Year of Award: 1963
Publication Information: The American Mathematical Monthly, vol. 66 (1959), pp. 849-869
Summary: The author uses one mathematical object, the gamma function, to show how it grew in concept and in content from the time of Euler to the recent mathematical treatise of Bourbaki, and how, in this growth, it partook of the general development of mathematics over the past two and a quarter centuries.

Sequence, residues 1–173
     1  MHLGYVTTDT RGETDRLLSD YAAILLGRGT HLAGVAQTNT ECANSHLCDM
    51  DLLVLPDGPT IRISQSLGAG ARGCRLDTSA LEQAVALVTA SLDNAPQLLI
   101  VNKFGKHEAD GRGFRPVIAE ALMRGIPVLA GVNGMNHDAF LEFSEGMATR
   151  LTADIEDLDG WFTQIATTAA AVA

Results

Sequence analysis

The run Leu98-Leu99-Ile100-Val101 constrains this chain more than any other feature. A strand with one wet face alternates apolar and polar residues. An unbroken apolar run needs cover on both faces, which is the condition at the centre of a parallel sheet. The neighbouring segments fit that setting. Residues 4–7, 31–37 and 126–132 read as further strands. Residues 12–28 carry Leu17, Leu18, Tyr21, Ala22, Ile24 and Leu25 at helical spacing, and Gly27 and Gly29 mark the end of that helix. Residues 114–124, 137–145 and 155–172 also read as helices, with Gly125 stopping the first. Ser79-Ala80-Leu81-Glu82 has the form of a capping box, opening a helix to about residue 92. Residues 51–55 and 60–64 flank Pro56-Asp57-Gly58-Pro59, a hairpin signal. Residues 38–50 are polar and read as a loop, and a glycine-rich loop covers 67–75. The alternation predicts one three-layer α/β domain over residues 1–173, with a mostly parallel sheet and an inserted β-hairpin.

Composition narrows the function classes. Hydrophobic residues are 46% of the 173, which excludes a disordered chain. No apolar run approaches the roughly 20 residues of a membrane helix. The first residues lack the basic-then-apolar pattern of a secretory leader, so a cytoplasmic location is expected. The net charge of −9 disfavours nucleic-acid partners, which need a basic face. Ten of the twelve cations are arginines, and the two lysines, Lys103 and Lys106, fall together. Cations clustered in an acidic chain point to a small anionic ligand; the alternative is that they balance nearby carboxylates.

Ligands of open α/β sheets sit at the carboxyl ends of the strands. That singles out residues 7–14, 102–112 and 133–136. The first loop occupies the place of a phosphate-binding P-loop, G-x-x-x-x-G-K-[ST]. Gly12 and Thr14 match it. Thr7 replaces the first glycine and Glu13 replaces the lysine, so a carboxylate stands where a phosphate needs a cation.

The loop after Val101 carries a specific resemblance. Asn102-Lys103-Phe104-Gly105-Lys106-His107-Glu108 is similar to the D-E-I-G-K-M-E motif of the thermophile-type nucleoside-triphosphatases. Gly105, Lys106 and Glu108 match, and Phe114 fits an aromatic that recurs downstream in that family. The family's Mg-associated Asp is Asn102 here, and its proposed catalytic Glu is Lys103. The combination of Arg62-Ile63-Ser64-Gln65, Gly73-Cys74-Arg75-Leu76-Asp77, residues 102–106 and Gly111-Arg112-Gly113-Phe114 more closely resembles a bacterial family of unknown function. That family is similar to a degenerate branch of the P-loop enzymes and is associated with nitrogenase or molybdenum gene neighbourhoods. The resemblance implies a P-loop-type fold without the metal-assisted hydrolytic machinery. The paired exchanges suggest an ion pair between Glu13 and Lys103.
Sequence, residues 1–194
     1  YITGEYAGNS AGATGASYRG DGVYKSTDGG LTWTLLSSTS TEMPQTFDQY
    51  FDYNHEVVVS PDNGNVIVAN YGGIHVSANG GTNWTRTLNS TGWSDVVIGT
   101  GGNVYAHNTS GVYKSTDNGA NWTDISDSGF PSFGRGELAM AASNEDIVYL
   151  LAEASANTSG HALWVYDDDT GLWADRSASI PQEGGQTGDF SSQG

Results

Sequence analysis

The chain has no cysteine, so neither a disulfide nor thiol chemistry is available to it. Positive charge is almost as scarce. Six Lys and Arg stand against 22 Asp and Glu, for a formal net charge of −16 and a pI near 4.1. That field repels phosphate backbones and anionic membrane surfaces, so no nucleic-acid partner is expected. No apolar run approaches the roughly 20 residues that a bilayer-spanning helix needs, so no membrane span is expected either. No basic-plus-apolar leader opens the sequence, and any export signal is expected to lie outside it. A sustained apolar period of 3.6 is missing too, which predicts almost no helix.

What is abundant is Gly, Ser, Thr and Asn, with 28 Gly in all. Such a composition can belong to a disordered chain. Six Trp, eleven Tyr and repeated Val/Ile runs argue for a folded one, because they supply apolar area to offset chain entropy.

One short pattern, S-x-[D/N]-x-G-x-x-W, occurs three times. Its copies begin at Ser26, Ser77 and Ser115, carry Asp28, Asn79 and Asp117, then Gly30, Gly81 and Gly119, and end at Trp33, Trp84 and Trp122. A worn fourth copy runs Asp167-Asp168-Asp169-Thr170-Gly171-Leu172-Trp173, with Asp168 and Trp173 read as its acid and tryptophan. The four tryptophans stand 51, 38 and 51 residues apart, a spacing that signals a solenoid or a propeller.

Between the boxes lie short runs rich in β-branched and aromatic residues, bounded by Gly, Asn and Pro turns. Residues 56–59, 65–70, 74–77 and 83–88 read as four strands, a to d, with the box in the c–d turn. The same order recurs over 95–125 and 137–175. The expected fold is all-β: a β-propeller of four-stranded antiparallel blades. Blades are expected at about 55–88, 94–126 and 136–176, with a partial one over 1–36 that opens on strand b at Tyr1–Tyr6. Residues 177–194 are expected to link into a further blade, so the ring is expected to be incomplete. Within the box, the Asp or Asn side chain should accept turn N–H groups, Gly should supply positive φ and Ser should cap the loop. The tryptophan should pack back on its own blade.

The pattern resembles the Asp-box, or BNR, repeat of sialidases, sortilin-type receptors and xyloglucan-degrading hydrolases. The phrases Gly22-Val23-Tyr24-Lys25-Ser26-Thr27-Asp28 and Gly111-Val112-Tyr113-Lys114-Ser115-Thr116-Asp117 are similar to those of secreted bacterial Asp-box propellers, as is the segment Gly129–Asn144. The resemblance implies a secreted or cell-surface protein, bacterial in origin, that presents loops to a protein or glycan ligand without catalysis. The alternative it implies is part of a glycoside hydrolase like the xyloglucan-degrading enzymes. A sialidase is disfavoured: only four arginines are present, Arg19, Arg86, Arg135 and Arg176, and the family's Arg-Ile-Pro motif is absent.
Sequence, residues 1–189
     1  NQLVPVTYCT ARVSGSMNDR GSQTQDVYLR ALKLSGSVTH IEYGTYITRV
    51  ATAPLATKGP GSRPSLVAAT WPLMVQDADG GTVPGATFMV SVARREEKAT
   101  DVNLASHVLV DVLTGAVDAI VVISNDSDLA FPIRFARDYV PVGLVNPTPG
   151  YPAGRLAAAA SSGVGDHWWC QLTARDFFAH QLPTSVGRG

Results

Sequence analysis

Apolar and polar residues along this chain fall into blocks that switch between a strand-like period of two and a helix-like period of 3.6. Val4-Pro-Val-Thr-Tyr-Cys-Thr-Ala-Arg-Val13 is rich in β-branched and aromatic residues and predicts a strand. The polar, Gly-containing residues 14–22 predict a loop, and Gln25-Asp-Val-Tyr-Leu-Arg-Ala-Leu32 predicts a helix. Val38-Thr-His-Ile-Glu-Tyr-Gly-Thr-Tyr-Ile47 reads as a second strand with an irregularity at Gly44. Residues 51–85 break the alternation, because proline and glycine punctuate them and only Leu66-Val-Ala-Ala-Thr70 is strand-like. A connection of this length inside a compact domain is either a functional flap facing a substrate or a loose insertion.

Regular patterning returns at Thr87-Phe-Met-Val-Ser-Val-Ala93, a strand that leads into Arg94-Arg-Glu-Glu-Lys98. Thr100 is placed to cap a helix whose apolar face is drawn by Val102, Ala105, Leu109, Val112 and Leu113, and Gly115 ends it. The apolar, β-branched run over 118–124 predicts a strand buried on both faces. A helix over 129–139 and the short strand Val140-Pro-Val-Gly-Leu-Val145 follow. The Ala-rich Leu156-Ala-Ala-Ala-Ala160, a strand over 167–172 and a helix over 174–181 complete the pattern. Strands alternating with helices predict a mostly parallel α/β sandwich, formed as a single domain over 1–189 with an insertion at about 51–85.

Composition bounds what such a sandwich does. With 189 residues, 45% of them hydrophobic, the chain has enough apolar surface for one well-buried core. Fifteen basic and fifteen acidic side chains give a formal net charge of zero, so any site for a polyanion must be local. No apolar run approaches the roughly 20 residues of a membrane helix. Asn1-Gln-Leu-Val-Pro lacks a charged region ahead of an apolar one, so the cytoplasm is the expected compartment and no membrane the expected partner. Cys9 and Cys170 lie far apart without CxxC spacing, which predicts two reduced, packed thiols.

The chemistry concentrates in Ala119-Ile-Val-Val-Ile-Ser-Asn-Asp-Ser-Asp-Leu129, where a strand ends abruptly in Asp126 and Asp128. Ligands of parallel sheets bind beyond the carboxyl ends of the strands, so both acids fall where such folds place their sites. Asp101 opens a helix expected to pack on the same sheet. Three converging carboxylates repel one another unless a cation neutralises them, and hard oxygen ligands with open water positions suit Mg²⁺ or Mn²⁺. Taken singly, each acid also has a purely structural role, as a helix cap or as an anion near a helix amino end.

About the Author: (from The College Mathematics Journal, Vol. 16, No. 1, (1985)) Philip J. Davis received his Ph.D. from Harvard under Ralph Boas. He has taught at Harvard, Maryland, the University of Utah, and Brown. He was Chief, Numerical Analysis Section, National Bureau of Standards for five years. He was a Guggenheim Fellow in 1956-57. His extensive work in numerical analysis and applied mathematics includes the books Interpolation and Approximation (1963), Mathematics of Matrices (1964), Numerical Integration (with P. Rabinowitz, 1967), Circulant Matrices (1979), The Mathematical Experience, written jointly with Reuben Hersh of the University of New Mexico, won an American Book Award in 1983. Professor Davis received the 1960 Award in Mathematics of the Washington Academy of Sciences, and the Lester R. Ford Award of the MAA in 1982.